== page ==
I had afternoon tea with a mayor yesterday. This sounds very grand but in fact it wasn't really. In 24 years of living in Britain, I don't think I ever met a mayor. In Italy, where I have spent a sum total of around 5 months, I've met three or four. It seems that every small town or “frazione” (a smaller town outside of a small town) has its pwn mayor and if you have anything at all to do with the local community, the chances are you will meet him or her.
Yesterday, it happened like this. We went to visit a toy museum, which is about an hour from Milan on the bus. In the morning, we had a tour of the museum and in the afternoon the children did a toy-making workshop. The whole place was housed in what looked like an old farmhouse. The mayor and her husband lived in part of the farmhouse and, while the children were being entertained by the workshop leaders, they invited us for coffee. Coffee turned out to also include a large fruit tart, which none of us was going to say no to. (I'm not a big fan of pastry normally but in Italy, the base of a tart is made with something more like shortbread. Mmmmm.) We sat on their old floral sofas, looking out at the chickens running around the garden and discussed everything from toy collecting in a camper van to immigration and multiculturalism.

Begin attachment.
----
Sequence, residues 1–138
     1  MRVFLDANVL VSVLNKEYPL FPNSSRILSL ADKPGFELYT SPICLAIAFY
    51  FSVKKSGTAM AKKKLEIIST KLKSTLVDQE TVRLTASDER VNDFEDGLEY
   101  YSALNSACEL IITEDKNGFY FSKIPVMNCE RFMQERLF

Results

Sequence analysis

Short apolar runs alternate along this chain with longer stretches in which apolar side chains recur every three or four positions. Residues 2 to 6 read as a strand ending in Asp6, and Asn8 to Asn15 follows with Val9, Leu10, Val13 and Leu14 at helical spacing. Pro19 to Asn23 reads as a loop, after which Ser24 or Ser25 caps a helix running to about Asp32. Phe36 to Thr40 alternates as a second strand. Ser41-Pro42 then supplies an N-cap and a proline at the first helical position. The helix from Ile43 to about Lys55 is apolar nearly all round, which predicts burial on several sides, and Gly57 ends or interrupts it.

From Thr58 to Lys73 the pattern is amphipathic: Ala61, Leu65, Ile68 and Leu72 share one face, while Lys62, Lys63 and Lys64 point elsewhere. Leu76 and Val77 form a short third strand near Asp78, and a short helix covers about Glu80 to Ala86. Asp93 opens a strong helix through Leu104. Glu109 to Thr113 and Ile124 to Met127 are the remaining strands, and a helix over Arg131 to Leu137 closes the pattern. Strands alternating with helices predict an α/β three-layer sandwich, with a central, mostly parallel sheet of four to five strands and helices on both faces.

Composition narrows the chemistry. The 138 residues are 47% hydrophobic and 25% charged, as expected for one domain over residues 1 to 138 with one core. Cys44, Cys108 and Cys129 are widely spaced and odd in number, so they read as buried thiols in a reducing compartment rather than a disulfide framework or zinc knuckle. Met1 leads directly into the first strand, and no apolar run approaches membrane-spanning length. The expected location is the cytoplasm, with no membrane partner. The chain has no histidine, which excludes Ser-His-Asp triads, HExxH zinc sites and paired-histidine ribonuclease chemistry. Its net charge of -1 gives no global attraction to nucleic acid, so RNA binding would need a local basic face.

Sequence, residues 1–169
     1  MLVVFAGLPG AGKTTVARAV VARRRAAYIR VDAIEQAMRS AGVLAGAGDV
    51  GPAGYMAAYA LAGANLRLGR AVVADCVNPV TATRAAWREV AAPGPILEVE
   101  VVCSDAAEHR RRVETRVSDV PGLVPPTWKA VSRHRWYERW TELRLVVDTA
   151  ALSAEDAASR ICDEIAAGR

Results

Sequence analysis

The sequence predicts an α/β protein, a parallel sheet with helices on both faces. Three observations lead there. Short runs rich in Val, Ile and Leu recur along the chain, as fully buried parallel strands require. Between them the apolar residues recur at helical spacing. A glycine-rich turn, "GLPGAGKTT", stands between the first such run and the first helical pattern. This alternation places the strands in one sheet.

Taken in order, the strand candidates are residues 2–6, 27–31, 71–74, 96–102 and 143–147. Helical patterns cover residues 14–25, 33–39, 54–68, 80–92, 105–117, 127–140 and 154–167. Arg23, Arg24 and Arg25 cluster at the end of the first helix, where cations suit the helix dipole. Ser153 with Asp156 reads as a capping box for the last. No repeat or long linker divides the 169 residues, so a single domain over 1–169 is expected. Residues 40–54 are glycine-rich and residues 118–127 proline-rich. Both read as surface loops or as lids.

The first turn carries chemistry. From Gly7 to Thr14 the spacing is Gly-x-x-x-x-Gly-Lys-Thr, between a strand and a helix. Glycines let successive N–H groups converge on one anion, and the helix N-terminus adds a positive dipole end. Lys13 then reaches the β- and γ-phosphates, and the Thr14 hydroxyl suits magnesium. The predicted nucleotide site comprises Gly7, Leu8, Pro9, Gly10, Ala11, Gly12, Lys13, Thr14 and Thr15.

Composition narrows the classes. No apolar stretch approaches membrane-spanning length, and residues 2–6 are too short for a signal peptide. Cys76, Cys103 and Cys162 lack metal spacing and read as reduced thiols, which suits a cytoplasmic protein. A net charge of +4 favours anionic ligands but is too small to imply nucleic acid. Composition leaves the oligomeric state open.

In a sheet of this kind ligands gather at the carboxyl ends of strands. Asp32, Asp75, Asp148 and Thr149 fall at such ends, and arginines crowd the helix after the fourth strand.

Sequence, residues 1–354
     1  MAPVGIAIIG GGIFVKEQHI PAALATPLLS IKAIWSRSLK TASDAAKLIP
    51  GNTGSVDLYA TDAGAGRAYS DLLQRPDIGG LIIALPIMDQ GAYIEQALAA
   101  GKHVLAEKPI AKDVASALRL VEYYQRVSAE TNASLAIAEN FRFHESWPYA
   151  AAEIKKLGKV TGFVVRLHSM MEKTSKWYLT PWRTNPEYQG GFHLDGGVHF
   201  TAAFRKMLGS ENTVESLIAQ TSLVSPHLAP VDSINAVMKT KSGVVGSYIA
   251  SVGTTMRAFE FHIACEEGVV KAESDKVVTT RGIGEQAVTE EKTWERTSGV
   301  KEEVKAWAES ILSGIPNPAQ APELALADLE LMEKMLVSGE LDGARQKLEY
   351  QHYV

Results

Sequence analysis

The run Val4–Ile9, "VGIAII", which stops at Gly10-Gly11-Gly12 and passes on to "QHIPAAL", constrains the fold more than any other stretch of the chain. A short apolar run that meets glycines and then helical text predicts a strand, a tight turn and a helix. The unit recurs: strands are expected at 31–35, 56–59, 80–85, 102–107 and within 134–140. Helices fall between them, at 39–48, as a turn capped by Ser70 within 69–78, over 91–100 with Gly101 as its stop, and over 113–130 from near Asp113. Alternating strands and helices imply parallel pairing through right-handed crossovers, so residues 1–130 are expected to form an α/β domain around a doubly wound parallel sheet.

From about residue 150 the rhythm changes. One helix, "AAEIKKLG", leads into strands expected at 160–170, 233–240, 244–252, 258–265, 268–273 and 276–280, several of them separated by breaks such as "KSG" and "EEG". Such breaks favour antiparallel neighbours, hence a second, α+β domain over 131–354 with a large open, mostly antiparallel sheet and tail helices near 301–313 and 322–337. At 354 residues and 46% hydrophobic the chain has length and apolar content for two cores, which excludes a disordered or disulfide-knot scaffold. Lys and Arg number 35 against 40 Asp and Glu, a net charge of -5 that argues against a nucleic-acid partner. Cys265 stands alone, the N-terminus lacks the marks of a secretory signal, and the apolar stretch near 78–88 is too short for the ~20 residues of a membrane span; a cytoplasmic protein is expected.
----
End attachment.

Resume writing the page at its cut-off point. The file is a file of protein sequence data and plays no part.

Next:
Before we left, they showed us this pillar, which marks the official starting point for the village's La Befana, who is something like the Italian equivalent of Babushka, except that she's a witch, and she goes on her travels on Epiphany. Unlike the Father Christmas story, which requires Mr Claus to use magic to do a tour of the entire world in one evening, La Befana is very practical. This Befana, Befana number 6, is one of many and is presumably only responsible for a certain, carefully delineated area (which she nevertheless gets around on a flying broomstick).